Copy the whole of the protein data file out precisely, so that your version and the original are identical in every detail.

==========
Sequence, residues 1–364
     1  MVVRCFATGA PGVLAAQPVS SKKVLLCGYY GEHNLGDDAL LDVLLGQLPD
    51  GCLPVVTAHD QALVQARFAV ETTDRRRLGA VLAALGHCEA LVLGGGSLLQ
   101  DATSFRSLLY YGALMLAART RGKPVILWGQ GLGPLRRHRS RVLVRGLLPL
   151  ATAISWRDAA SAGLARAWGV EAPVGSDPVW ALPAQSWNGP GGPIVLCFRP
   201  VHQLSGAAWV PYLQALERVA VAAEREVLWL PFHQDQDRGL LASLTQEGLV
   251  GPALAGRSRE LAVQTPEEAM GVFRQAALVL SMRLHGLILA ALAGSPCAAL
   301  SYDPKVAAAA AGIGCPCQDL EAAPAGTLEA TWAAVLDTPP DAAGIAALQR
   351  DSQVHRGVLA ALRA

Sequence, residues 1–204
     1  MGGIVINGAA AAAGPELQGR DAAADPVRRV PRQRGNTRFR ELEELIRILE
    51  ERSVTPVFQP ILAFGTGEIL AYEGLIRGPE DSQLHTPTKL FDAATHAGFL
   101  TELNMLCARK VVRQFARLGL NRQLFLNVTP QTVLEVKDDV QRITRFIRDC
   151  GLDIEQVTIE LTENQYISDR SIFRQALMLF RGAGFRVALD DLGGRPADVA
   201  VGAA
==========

Sequence, residues 1–364
     1  MVVRCFATGA PGVLAAQPVS SKKVLLCGYY GEHNLGDDAL LDVLLGQLPD
    51  GCLPVVTAHD QALVQARFAV ETTDRRRLGA VLAALGHCEA LVLGGGSLLQ
   101  DATSFRSLLY YGALMLAART RGKPVILWGQ GLGPLRRHRS RVLVRGLLPL
   151  ATAISWRDAA SAGLARAWGV EAPVGSDPVW ALPAQSWNGP GGPIVLCFRP
   201  VHQLSGAAWV PYLQALERVA VAAEREVLWL PFHQDQDRGL LASLTQEGLV
   251  GPALAGRSRE LAVQTPEEAM GVFRQAALVL SMRLHGLILA ALAGSPCAAL
   301  SYDPKVAAAA AGIGCPCQDL EAAPAGTLEA TWAAVLDTPP DAAGIAALQR
   351  DSQVHRGVLA ALRA

Sequence, residues 1–204
     1  MGGIVINGAA AAAGPELQGR DAAADPVRRV PRQRGNTRFR ELEELIRILE
    51  ERSVTPVFQP ILAFGTGEIL AYEGLIRGPE DSQLHTPTKL FDAATHAGFL
   101  TELNMLCARK VVRQFARLGL NRQLFLNVTP QTVLEVKDDV QRITRFIRDC
   151  GLDIEQVTIE LTENQYISDR SIFRQALMLF RGAGFRVALD DLGGRPADVA
   201  VGAA